Several previous studies compiled bulk compositional data from the literature in order to assess major-element compositions of pelites and possible changes with metamorphic grade (Lapadu-Hargues, 1945; Shaw, 1956; Ague, 1991). Since these studies, the number of published pelitic whole-rock analyses in the literature has increased considerably, and many unpublished theses containing analyses are now available online. Using these, we constructed a new database of 5729 analyses from 364 studies categorized into 103 regions. Only individual rock samples that had been crushed and analyzed using bulk techniques such as wet chemistry or X-ray fluorescence (XRF) were included. Samples from domains of high fluid flux (e.g., described as selvedge or coming from vein margins) were excluded from the database because they have been subject to localized mass transfer. The following major rock-forming components were analyzed in all samples: SiO2, TiO2, Al2O3, FeO, MnO, MgO, CaO, Na2O, and K2O. Where reported by the authors of the previous studies, we also included determinations of P2O5, Fe2O3, and loss-on-ignition (LOI). For wet chemical analyses, we combined H2O, CO2, and SO3 together as an estimate for LOI (e.g., volatile content), as was done by Ague (1991). The Supplemental Material1 describes in detail the methodology used to exclude nonpelitic analyses; categorize the samples according to metamorphic grade; and portray the data in Al2O3-FeO-MgO (AFM) diagrams involving compositional projection. A complete catalog listing all analyses, including the sample name, metamorphic zone, literature reference, and whole-rock data in weight percent, is available in the Supplemental Material.

Due to the large number of analyses in the database, we were able to divide the samples into finer-scale metamorphic grade–related categories than previous studies (cf. Shaw, 1956; Ague, 1991) while maintaining >250 analyses in each category (Fig. 1). Nine zones were defined: diagenetic, anchizone, chlorite, biotite, garnet, porphyroblast, subsolidus sillimanite or K-feldspar, migmatite, and garnetcordierite. The diagenetic zone refers to samples described as unmetamorphosed shales and mudstones, while the anchizone and chlorite zones refer to low-grade shales and/or slates classified using illite or chlorite crystallinity (Merriman and Frey, 1999). Higher-grade zones were based on the appearance of index minerals. The porphyroblast zone refers to muscovite-bearing, sillimanite-absent mineral assemblages containing combinations of cordierite, staurolite, andalusite, and kyanite, with or without garnet. Although the stability of these mineral assemblages varies with pressure, they typically develop in a relatively narrow range of metamorphic grade (approximately equal to metamorphic temperature), upgrade of the consumption of chlorite and downgrade of the development of sillimanite or K-feldspar (Fig. 1). The subsolidus sillimanite or K-feldspar zone includes muscovite + sillimanite–bearing mineral assemblages and, at low pressure, subsolidus K-feldspar–bearing mineral assemblages, which develop at different pressures but at similar metamorphic grade. The migmatite zone includes mineral assemblages in suprasolidus rocks that contain combinations of garnet, cordierite, sillimanite, and K-feldspar but lack coexisting garnet and cordierite. In total, 308 samples could not be classified into one of these zones.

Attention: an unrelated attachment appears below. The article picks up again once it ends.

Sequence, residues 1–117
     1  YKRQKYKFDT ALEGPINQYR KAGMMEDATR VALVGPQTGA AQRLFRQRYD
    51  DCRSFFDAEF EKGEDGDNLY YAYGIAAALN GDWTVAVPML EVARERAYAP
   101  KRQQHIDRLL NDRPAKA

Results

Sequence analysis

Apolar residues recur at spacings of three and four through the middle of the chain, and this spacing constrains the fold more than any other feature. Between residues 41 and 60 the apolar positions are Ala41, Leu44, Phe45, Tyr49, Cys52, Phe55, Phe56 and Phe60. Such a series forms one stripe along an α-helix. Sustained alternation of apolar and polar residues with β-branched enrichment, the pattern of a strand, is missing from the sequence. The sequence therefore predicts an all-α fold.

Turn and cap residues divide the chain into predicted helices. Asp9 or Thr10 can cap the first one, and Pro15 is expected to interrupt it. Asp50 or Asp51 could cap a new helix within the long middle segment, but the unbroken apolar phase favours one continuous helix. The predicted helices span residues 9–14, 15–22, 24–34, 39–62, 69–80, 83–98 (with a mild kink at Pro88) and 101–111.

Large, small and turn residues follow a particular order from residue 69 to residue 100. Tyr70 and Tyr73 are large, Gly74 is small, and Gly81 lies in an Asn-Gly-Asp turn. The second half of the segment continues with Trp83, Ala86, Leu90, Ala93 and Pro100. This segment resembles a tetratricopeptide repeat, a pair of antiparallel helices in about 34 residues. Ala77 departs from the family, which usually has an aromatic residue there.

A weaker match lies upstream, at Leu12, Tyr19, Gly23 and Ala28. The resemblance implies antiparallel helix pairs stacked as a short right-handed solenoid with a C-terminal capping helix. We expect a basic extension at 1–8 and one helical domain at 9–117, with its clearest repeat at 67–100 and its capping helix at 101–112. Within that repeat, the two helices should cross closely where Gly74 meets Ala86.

Figure 1.

(A) Pressure-temperature distribution of metapelitic zones used in this study: diagenetic (Diag), anchizone (Anch), chlorite (Chl), biotite (Bt), garnet (Grt), porphyroblast (Porph), subsolidus sillimanite or K-feldspar (Sil-Kfs), migmatite (Mig), and garnet-cordierite (Grt-Crd). Other mineral abbreviations are after Warr (2021). (B) Histogram of the number of analyses in each zone.

Figure 1.

(A) Pressure-temperature distribution of metapelitic zones used in this study: diagenetic (Diag), anchizone (Anch), chlorite (Chl), biotite (Bt), garnet (Grt), porphyroblast (Porph), subsolidus sillimanite or K-feldspar (Sil-Kfs), migmatite (Mig), and garnet-cordierite (Grt-Crd). Other mineral abbreviations are after Warr (2021). (B) Histogram of the number of analyses in each zone.

Projections

Projection of bulk compositions into an AFM diagram (Fig. 2A; Thompson, 1957) permits visualization of the variation in the three main compositional variables of pelites, namely, Al, Fe, and Mg. It also allows the compositional effects of varying modal proportions of quartz and plagioclase feldspar in the original sedimentary protolith to be filtered out. Whole-rock analyses comprising 9–12 components (see above) were reduced to the six-component KFMASH (K2O-FeO-MgO-Al2O3-SiO2-H2O) system using projections from apatite, ilmenite, albite, and anorthite to remove P2O5, TiO2, Na2O, and CaO, respectively. All iron was assumed to be FeO (ferrous), and MnO was omitted. To plot the KFMASH analyses in an AFM diagram, further projection from quartz (SiO2), hydrous fluid (H2O), and either muscovite or K-feldspar (K2O) was required. Given that the majority of samples in the database were muscovite-bearing samples, the AFM diagram in Figure 2A shows all samples projected from muscovite (AMs). Figure S2 includes diagrams projected from K-feldspar, as well as diagrams separating lower-grade, muscovite-bearing samples from higher-grade, K-feldspar–bearing samples.